By Amber WANG
Taiwan held an artillery drill Tuesday simulating defence against an attack as its top diplomat accused Beijing of preparing to invade the island after days of massive Chinese war games.
China launched its largest-ever air and sea exercises around Taiwan last week in a furious response to a visit by US House Speaker Nancy Pelosi, the highest-ranking American official to visit the self-ruled island in decades.
Taiwan lives under the constant threat of invasion by China, which views its neighbour as part of Chinese territory to be seized one day, by force if necessary.
“China has used the drills in its military playbook to prepare for the invasion of Taiwan,” foreign minister Joseph Wu told a press conference in Taipei on Tuesday, accusing Beijing of using Pelosi’s visit as a pretext for military action.
“China’s real intention is to alter the status quo in the Taiwan Strait and entire region.”
The Chinese military said its Taiwan drills continued Tuesday and involved air and sea units.
The Eastern Theater command of the People’s Liberation Army said in a statement that it was conducting training exercises around the island, “focusing on joint blockade and joint support operations”.
Taipei’s drill in the southern county of Pingtung included the firing of target flares and artillery, lasting just under an hour, said Lou Woei-jye, spokesman for Taiwan’s Eighth Army Corps.
Soldiers fired from howitzers tucked into the coast, hidden from view of the road that leads to popular beach destination Kenting.
The drills, which will also take place Thursday, included the deployment of hundreds of troops and about 40 howitzers, the army said.
Tuesday’s exercise attracted a crowd of onlookers.
“We need to have some countermeasures against mainland China’s blockade,” said one of the spectators, who only gave his surname Chen.
“Conducting military drills will also let them know Taiwan is prepared. I hope both sides can have some restraint.”
On Monday, spokesman Lou told AFP the drills were previously scheduled and were not in response to China’s exercises.
The island routinely stages military drills simulating defence against a Chinese invasion.
But the latest drill prompted an ominous warning from Beijing, which regularly unleashes fiery rhetoric against Taiwan’s independence hopes.
“Any conspiracy to go against the trend of history and resist reunification through arms… will end in failure like a mantis trying to stop a chariot,” foreign ministry spokesman Wang Wenbin told a regular briefing Tuesday.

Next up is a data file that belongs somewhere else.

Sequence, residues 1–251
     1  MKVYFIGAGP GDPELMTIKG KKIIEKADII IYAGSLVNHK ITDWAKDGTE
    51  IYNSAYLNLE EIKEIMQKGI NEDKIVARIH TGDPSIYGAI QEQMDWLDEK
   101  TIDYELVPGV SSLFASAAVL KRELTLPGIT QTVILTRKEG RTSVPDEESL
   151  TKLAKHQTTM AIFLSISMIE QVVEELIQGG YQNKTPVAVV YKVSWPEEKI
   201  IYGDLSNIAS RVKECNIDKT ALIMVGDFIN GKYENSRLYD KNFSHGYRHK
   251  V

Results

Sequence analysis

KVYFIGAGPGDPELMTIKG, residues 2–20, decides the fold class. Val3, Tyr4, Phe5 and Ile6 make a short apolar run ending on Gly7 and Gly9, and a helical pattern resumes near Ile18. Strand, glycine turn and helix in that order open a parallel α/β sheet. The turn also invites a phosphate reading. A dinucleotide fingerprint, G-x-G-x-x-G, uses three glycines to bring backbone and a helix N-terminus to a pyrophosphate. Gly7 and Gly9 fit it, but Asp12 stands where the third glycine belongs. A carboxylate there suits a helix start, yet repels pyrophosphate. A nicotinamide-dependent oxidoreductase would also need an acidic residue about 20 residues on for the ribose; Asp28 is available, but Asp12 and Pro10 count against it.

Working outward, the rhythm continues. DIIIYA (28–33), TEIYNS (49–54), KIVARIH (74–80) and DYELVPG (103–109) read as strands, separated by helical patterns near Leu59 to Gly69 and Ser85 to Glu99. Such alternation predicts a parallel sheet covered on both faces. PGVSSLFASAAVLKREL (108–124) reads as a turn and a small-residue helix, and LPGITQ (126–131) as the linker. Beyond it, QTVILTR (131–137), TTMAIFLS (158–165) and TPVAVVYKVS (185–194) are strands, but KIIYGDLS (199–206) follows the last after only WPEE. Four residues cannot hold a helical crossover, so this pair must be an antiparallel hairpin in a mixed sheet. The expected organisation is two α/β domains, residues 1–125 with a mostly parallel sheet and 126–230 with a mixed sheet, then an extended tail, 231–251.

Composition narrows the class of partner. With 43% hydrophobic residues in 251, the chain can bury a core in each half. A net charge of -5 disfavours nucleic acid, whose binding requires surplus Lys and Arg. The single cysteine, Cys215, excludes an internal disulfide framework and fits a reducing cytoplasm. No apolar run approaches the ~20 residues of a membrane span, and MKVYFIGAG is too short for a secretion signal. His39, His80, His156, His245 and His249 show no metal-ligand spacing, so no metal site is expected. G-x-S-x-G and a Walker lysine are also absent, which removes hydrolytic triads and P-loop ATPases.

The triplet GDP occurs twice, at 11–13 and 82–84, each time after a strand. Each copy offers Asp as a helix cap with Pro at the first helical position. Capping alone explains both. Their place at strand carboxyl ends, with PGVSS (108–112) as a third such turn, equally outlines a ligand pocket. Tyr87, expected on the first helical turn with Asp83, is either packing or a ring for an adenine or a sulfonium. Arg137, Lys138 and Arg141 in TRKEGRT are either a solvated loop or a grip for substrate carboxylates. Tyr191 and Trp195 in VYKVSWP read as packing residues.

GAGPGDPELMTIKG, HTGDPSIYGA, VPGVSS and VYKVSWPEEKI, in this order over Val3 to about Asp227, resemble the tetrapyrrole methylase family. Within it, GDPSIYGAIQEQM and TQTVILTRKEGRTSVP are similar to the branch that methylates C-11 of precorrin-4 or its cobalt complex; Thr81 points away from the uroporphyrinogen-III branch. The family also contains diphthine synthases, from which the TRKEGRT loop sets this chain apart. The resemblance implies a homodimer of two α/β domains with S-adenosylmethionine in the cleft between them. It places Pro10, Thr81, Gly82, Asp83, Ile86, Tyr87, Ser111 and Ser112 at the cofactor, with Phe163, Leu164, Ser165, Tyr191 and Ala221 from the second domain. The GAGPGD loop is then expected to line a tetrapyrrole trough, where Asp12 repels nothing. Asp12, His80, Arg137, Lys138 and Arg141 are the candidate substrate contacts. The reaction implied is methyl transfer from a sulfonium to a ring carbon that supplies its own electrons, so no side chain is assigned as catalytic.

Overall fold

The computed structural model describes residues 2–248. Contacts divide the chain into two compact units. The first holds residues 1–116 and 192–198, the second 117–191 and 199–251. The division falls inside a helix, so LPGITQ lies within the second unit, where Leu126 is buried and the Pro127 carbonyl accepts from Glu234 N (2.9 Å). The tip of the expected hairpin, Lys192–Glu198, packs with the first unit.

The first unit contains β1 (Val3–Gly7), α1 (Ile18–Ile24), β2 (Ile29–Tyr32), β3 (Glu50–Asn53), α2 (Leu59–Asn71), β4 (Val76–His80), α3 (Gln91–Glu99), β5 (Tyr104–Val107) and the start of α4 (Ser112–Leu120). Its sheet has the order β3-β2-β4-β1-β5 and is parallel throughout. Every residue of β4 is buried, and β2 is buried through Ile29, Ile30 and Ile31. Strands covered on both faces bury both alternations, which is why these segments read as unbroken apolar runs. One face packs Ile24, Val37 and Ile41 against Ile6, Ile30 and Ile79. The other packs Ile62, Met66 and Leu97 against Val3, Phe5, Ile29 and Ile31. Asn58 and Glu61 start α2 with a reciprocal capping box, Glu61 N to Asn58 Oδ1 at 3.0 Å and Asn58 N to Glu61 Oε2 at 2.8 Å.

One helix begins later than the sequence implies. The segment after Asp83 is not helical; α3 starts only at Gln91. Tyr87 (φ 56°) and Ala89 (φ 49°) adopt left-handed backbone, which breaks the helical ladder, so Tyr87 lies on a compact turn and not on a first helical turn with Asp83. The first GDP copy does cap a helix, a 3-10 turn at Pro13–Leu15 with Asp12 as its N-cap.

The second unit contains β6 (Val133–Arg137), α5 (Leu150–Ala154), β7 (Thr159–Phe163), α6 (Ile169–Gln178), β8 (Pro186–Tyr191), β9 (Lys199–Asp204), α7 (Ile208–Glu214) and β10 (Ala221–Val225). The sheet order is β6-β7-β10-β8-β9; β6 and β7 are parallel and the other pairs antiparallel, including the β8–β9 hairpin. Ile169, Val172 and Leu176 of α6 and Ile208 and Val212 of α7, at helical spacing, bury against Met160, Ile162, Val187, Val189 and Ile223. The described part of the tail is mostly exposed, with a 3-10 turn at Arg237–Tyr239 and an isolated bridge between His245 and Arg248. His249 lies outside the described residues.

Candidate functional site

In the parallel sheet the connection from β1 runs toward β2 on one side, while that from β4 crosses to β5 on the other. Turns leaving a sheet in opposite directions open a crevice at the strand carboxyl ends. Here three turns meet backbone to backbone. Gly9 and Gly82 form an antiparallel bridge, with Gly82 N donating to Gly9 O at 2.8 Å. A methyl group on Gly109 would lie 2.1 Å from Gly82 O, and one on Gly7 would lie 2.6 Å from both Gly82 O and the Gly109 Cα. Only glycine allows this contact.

– ‘Not worried’ –
The anti-landing exercise took place after China extended its own joint sea and air drills around Taiwan on Monday, but Washington said it did not expect an escalation from Beijing.
“I’m not worried, but I’m concerned they’re moving as much as they are. But I don’t think they’re going to do anything more than they are,” Biden told reporters at Dover Air Force Base.
Taiwan’s Wu on Tuesday condemned Beijing for pressing on with military exercises around the island, accusing them of trying to control the Taiwan Strait and waters in the wider Asia-Pacific region.
“It is conducting large-scale military exercises and missile launches, as well as cyber-attacks, a disinformation campaign and economic coercion in order to weaken public morale in Taiwan,” he said.
Wu went on to thank Western allies, including the US, for standing up to China.
“It also sends a clear message to the world that democracy will not bow to the intimidation of authoritarianism,” he said.
Taiwan has insisted that no Chinese warplanes or ships entered its territorial waters — within 12 nautical miles of land — during Beijing’s drills.
But its defence ministry said Tuesday the extension of the drills showed China’s “threat of force has not diminished” around the island and all of its units would “maintain combat readiness”.
The Chinese military released a video last week of an air force pilot filming the island’s coastline from his cockpit, showing how close it came to Taiwan’s shores.
Its ships and planes have also regularly crossed the median line — an unofficial demarcation between China and Taiwan that the former does not recognise — since drills began last week.
On Tuesday, the Chinese military released more details about the anti-submarine drills it had conducted a day earlier around the island.
The Eastern Theater command said the exercises were aimed at enhancing the ability of air and sea units to work together while hunting submarines.
The scale and intensity of China’s drills — as well as its withdrawal from key talks on climate and defence — have triggered outrage in the United States and other democracies.
But foreign ministry spokesman Wang on Monday defended Beijing’s behaviour as “firm, forceful and appropriate” to American provocation.
“We urge the US to do some earnest reflection, and immediately correct its mistakes,” he told a regular briefing.